European country whose musicians have made a significant contribution to the musical life of Canada, especially in the field of instrumental music. The Belgian conservatories were turning out large numbers of highly trained young players around 1890 when Ernest Lavigne, the dynamic leader of the Sohmer Park band and orchestra, visited Europe seeking instrumentalists to play in those ensembles. As a result, numerous Belgian musicians settled in Canada, especially in Montreal, in the late 19th century. Their teaching of string instruments brought to Canada the great traditions of the Franco-Belgian school. They also demonstrated a mastery of wind instruments.
Guillaume Mechtler, who arrived in Quebec City in 1787 and in Montreal in 1789, probably was the first Belgian musician to settle in Canada. Jules Hone (deuxième prix violin, Liège Cons, and one of the first qualified violin teachers in Montreal) arrived from New York ca 1865. Another violinist already famous in Europe, Frantz Jehin-Prume, was an important figure in Quebec music from 1870 until his death in 1899 and worked effectively to raise the level of performance and teaching. In 1871 he formed Montreal's first professional string quartet. At the invitation of Lavigne, Jean-Baptiste Dubois was appointed principal cello and assistant conductor of the Sohmer Park Orchestra in 1891 and was joined by two compatriots, the violinists J.-J. Goulet and Jean-Julien Clossey and by some thirty other instrumentalists, the majority of them graduates of the Cons royal of Liège. After 1894 Clossey served in the first violins of the Couture MSO and then of the Goulet MSO. (His son Émile, a cellist, conducted the Montreal Municipal Orchestra ca 1935-45.)
Lavigne brought other gifted instrumentalists from Belgium to teach young Canadians. Jacques Vanpoucke (b Ghent 25 Oct 1865, d Montreal?), Lavigne's principal clarinet, also directed the Collège St-Louis Band and taught at the Collège Ste-Marie. Oscar Arnold (b Liège 1 Nov 1862, medal winner, clarinet and saxophone, Liège Cons, and a member of the Spa Brass Band in 1881) joined his compatriot in the woodwinds in 1892, along with Léon Medaer, clarinet (b Tournemont 1864) and Charles Dom, oboe (b Brussels 3 May 1863). In 1893 Louis Vanpoucke (b Ypres 1873, d Montreal?, a former principal trumpet with the Rotterdamsche Schuttery) arrived in Montreal.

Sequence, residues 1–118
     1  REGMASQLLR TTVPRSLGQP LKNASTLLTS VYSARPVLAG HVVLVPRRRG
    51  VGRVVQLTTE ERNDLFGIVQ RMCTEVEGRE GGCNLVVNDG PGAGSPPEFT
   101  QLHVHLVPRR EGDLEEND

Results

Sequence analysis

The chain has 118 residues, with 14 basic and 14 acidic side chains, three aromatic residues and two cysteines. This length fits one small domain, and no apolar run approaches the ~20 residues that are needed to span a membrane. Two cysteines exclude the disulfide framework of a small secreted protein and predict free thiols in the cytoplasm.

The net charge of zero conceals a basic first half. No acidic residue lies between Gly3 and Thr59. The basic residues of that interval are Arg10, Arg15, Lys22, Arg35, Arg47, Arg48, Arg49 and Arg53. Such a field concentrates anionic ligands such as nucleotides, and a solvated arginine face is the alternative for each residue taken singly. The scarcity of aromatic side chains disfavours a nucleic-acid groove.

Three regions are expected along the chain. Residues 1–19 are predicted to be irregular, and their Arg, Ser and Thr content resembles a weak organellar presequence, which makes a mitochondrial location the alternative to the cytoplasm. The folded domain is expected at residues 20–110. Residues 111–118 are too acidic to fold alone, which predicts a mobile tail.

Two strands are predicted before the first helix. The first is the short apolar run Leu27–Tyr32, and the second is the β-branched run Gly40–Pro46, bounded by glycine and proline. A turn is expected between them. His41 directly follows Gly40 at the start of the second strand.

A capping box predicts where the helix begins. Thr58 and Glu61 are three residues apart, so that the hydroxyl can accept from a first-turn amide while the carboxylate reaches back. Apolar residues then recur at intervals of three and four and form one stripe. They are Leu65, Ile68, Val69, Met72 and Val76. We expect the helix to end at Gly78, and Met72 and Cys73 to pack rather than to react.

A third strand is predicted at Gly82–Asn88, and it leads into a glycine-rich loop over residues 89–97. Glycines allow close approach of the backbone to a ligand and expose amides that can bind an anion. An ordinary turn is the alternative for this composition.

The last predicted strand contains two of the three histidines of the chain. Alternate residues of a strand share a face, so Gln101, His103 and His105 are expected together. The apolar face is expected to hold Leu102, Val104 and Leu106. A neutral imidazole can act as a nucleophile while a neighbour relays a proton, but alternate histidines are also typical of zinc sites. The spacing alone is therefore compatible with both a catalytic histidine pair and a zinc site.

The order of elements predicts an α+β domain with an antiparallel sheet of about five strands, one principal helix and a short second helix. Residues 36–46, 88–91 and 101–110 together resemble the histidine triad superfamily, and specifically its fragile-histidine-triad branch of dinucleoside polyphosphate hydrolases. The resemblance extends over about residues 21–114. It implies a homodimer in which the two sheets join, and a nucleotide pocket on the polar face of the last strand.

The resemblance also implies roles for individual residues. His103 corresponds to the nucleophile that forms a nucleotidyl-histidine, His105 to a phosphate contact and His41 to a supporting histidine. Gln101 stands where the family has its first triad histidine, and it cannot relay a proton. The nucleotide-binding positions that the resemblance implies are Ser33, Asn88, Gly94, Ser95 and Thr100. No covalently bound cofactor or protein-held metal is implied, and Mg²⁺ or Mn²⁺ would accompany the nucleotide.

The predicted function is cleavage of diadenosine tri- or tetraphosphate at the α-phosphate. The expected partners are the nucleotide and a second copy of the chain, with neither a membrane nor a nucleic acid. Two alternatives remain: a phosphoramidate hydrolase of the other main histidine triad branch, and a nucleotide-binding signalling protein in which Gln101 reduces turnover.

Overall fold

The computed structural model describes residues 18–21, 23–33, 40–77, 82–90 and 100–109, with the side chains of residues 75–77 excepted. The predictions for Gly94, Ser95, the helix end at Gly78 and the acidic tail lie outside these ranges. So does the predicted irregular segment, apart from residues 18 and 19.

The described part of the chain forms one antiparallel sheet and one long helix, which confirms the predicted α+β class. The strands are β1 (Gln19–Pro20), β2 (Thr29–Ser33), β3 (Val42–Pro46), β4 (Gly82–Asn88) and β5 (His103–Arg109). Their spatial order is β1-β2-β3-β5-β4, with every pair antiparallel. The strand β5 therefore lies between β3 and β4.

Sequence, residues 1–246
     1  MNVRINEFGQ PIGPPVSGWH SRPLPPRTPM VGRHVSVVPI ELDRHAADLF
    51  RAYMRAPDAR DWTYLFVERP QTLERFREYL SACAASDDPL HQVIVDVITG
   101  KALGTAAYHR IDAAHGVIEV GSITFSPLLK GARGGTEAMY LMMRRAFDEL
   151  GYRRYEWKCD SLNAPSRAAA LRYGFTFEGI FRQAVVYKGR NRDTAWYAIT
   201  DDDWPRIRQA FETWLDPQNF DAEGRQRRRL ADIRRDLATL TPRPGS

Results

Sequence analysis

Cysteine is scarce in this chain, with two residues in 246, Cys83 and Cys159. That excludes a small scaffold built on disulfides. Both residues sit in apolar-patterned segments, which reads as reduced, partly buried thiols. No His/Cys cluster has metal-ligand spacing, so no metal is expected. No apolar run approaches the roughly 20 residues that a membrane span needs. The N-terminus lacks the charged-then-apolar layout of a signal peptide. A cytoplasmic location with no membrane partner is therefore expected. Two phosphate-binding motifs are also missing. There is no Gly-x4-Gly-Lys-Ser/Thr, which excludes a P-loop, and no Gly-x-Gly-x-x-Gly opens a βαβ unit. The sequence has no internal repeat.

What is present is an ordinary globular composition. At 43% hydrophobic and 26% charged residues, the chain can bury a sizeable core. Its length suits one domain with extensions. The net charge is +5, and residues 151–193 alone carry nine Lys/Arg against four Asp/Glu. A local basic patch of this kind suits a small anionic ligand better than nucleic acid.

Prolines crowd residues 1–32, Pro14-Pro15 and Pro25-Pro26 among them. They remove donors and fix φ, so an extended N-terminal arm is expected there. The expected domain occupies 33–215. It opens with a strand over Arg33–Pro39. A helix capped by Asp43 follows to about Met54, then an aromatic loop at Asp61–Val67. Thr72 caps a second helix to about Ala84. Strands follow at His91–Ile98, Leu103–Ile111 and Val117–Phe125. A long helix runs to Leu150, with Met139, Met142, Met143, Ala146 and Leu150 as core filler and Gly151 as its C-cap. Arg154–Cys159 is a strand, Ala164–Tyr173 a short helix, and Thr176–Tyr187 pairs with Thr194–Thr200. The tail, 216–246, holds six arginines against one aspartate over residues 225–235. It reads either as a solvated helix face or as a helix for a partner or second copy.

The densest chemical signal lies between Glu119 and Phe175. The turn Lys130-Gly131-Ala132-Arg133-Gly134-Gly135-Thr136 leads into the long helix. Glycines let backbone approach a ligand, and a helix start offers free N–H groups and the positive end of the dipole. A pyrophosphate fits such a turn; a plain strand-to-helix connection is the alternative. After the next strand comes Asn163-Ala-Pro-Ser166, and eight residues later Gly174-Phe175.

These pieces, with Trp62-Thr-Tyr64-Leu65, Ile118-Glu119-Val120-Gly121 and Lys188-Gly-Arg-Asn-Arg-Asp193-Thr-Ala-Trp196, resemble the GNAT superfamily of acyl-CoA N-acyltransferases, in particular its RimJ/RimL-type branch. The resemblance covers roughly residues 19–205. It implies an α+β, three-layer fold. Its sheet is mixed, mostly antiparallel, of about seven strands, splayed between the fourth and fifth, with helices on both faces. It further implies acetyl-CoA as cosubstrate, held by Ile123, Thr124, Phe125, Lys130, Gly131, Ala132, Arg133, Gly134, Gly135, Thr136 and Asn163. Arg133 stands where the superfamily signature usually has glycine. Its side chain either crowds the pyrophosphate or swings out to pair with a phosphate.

For his own orchestra J.-J. Goulet brought to Canada his brother Jean and other Belgian musicians, eg, the clarinetists Georges Haseneier and Émile Quiquemberg, the trumpeter C. Van Camp, the cellist Peter Van der Meerschen, and the bassist Léon Wathieu. Charles Goulet, Jean's son, founded the Disciples de Massenet in 1928 and the Variétés Lyriques in 1936.
Other Belgians arrived in Montreal early in the 20th century: François Héraly, the bandmaster, whose wife taught piano to the young Wilfrid Pelletier; Léon Kaster, the oboist, and his son Jean, a cellist (Prix d'Europe 1918); Auguste Liessens, the organist and composer, who settled in Sorel in 1913; Louis Michiels, the french hornist and theoretician who founded the publishing house Édition Belgo-Canadienne in 1925; Charles Tanguy, the teacher and composer; Benoît Verdickt, the organist and choirmaster; and the brothers Joseph and Henri Vermandere (Brother Placide and Brother Séverin), a composer and a choirmaster respectively. In Toronto Frederic Nicolai (b Liège) was active as a cellist 1903-14 and as a member of the Toronto String Quartette 1906-14. César Borré (conductor, composer, and authority on Gregorian chant, b Belgium 1880, d Toronto 1950) founded the London Ladies' Choir and the London Philharmonic Union and the Toronto Opera Company. After emigrating to Canada in 1921, the harpist Frank J. Simons was a member of the Winnipeg Symphony Orchestra and taught in Winnipeg. The violinist Maurice Onderet arrived in Montreal in 1927.
Désiré Defauw (conductor, violinist, composer, b Ghent 5 Oct 1885, d Gary, Ind, 25 Jul 1960) began conducting the CSM orchestra in 1940 and remained its artistic director until 1948. A conductor of international reputation, he had been acquainted with the composers Richard Strauss and Ravel and ardently promoted their works and those of his fellow countrymen Peter Benoît, César Franck, and Théodore Ysaÿe. He conducted the premieres of several Canadian works, eg, Vallerand'sLe Diable dans le beffroi, Blackburn'sSymphony in One Movement, Pépin'sVariations symphoniques, Alexander Brott'sWar and Peace, and Jean Papineau-Couture'sPoème.